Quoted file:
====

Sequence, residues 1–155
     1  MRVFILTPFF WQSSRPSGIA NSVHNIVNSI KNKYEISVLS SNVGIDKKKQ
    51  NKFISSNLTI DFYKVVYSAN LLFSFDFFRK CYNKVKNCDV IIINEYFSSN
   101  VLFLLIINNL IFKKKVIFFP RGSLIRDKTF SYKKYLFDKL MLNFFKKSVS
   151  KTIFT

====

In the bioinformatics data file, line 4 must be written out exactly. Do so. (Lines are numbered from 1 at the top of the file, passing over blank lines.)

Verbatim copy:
   101  VLFLLIINNL IFKKKVIFFP RGSLIRDKTF SYKKYLFDKL MLNFFKKSVS